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Author Topic:   Problems with being an Atheist (or Evolutionist)
Stile
Member (Idle past 157 days)
Posts: 4295
From: Ontario, Canada
Joined: 12-02-2004


Message 1 of 2 (490772)
12-08-2008 10:37 AM


I saw this post from Buzsaw in another thread, and it inspired me to make a new topic about it.
Basically, I would like this to be a thread where people can voice whatever it is they think is the weirdest or hardest part to being an atheist. I would like to answer those questions and explain why (for me, at least) being an atheist makes the most logical sense.
Disclaimer: The following thoughts should not be taken as a rule-book for "all atheists". Atheists are all very different people who's only common trait is to not have religious convictions. The following are my personal thoughts as an atheist.
I will start with a response to Buzsaw's remarks from here:
Message 5
Buzsaw writes:
1. If I were an evolutionist, logic would call for some explanation for the wide gap of intelligence between humans and other living things (abe: relative to life and death).
I do not understand why such an explanation is logically required. There are certainly many people that show me everday that this gap isn't all that wide anyway.
3. If I were an evolutionist I might be bothered by the fact that humans have the power over all other living things to manage their lives in whatever way man determines to do. The reason this would bother me is that the Biblical record declares in Genesis that that would be the case.
This doesn't bother me in any way. The fact that the Bible is correct about a great many things leads me to believe that it was written by some very intelligent people. I do not see a requirement to add divinity.
2. If I were an evolutionist I would seriously pursue the phenomena of religion in that throughout the recorded history of humans all cultures have been religious. As an evolutionist this would be a puzzling thing in that this propensity has evolved exclusively into the human brain. This along with the phenomenon of good and evil would lead me to investigate the legitimacy of religions relative to life and death questions.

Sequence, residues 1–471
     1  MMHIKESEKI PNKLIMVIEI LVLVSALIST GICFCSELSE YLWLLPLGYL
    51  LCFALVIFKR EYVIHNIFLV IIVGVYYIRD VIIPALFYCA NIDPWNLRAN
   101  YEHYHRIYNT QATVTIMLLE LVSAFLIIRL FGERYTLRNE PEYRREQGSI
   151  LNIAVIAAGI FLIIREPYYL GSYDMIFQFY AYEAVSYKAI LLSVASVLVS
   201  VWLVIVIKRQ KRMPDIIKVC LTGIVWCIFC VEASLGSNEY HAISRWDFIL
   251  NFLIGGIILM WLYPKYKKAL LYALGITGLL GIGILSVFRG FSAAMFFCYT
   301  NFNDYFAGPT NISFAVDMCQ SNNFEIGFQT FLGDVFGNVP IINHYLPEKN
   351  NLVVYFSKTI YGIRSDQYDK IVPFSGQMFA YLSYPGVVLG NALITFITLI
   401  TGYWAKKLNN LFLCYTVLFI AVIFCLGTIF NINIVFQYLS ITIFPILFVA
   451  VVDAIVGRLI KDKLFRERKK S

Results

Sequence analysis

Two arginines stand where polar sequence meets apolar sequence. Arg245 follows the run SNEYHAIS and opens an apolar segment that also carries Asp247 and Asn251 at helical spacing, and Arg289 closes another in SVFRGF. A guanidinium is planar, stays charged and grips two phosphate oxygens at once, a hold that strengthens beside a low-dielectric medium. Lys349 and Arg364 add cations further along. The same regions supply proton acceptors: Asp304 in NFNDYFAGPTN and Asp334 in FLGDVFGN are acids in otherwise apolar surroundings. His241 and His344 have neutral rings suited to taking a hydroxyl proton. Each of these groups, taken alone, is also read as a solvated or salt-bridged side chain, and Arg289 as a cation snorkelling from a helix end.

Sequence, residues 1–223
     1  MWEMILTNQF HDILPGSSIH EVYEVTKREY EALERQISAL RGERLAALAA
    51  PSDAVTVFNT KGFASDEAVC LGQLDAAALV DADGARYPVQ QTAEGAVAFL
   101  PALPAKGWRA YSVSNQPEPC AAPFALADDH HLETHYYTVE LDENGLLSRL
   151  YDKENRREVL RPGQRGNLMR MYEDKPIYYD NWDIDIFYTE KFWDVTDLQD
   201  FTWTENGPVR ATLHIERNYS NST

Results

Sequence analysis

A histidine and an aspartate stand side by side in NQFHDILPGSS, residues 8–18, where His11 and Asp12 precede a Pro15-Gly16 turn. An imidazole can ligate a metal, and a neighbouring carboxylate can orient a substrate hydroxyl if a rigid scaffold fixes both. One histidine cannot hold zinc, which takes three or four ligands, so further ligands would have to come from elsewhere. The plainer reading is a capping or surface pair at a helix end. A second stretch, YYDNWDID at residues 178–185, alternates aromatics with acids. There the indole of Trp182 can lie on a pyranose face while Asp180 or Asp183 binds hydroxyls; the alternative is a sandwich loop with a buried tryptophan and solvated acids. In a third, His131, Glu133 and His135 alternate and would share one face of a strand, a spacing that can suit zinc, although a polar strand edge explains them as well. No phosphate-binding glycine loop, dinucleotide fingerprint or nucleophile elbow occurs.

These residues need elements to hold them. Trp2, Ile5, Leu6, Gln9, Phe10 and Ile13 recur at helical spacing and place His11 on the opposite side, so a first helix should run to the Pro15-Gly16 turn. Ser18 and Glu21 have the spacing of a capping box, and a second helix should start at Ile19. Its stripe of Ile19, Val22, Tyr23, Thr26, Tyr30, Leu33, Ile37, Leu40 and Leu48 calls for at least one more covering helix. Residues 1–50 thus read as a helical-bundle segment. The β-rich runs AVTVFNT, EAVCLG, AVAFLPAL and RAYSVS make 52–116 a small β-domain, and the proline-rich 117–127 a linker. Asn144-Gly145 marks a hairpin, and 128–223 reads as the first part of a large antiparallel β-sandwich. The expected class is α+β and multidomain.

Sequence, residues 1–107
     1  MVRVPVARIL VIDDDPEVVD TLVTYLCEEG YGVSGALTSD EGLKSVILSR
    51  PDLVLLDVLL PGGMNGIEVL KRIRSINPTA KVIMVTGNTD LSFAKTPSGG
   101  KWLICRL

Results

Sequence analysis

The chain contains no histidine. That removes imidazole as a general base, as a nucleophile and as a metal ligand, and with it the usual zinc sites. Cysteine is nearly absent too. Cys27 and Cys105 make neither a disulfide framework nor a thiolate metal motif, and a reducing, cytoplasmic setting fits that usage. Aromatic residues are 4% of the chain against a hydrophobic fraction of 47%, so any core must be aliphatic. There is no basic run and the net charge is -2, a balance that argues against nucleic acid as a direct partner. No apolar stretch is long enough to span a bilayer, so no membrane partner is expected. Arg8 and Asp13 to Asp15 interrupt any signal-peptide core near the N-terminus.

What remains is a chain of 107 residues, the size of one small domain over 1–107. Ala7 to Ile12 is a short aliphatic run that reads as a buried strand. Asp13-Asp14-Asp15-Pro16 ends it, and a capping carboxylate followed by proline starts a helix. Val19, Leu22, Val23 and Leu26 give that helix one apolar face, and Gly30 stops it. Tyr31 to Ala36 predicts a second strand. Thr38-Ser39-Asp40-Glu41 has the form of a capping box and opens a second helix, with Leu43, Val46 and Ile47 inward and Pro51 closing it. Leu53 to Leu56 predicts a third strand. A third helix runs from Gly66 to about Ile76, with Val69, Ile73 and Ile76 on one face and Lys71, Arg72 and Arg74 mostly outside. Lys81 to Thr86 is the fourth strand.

4. If I were an evolutionist the mystery of how evolvement of good and evil has affected humanity socially, morally and other ways would raise the pursuit of an explanation for this phenomenon relative to life and death of the intelligent human species.
I continue to seriously pursue the reasons behind religious motivations and thoughts every day. In fact, that's one of the reasons I've started this topic. I do not find the desire to have an easy-to-comprehend explanation for mysteries "puzzling", it seems to be our curious nature. I also find the phenomenon of good and evil to be described in a more pure sense when God and religion are left out. Appeals to authority do not strike me as very moral.
The legitimacy of religion relative to life and death questions seems to be the same as everyone's: no one really knows, and some people are very afraid of such unknowns. Belief in an answer can help calm those fears for many people, regardless of the actual ability to validate that belief. Myself, I do not find any comfort in unvalidated "answers".
These are a few concerns that would motivate me to search out the claims of major religions to determine whether this intelligence unique to humans equates into the likelihood of an immortal soulish aspect of humanity which has been designed in the image of a designer creator as the Bible states and thus what happens to the soul when the body dies.
A very good point. And these concerns certainly did motivate me to search out the claims of major religions. I simply found those claims... wanting. When I am faced with important decisions, I like to validate my information before jumping to a conclusion. Religious information seems to be very shy of being validated, to put it lightly.
Perhaps some or all of the above might serve to question, in the evolutionist mind, the ToE naturalistic PoV. Perhaps also this would be cause to worry about the (abe: life and death) consequences of insulting a supreme creator by crediting nature for what the creator designer expects and/or requires praise for.
I do question a naturalistic PoV. I am still waiting for anything to contradict that question, though.
I do not worry about the consequences of insulting a supreme creator. First there is the question of whether or not a creator even exists, supreme or otherwise. But even assuming existance, a supreme creator will be capable of understanding that I am simply being as honest and curious and true-to-reality as I can be, or that creator isn't really all that "supreme" anyway, and therefore doesn't deserve such praise and devotion.

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Message 2 of 2 (490779)
12-08-2008 11:42 AM


Thread copied to the Problems with being an Atheist (or Evolutionist) thread in the Social Issues and Creation/Evolution forum, this copy of the thread has been closed.

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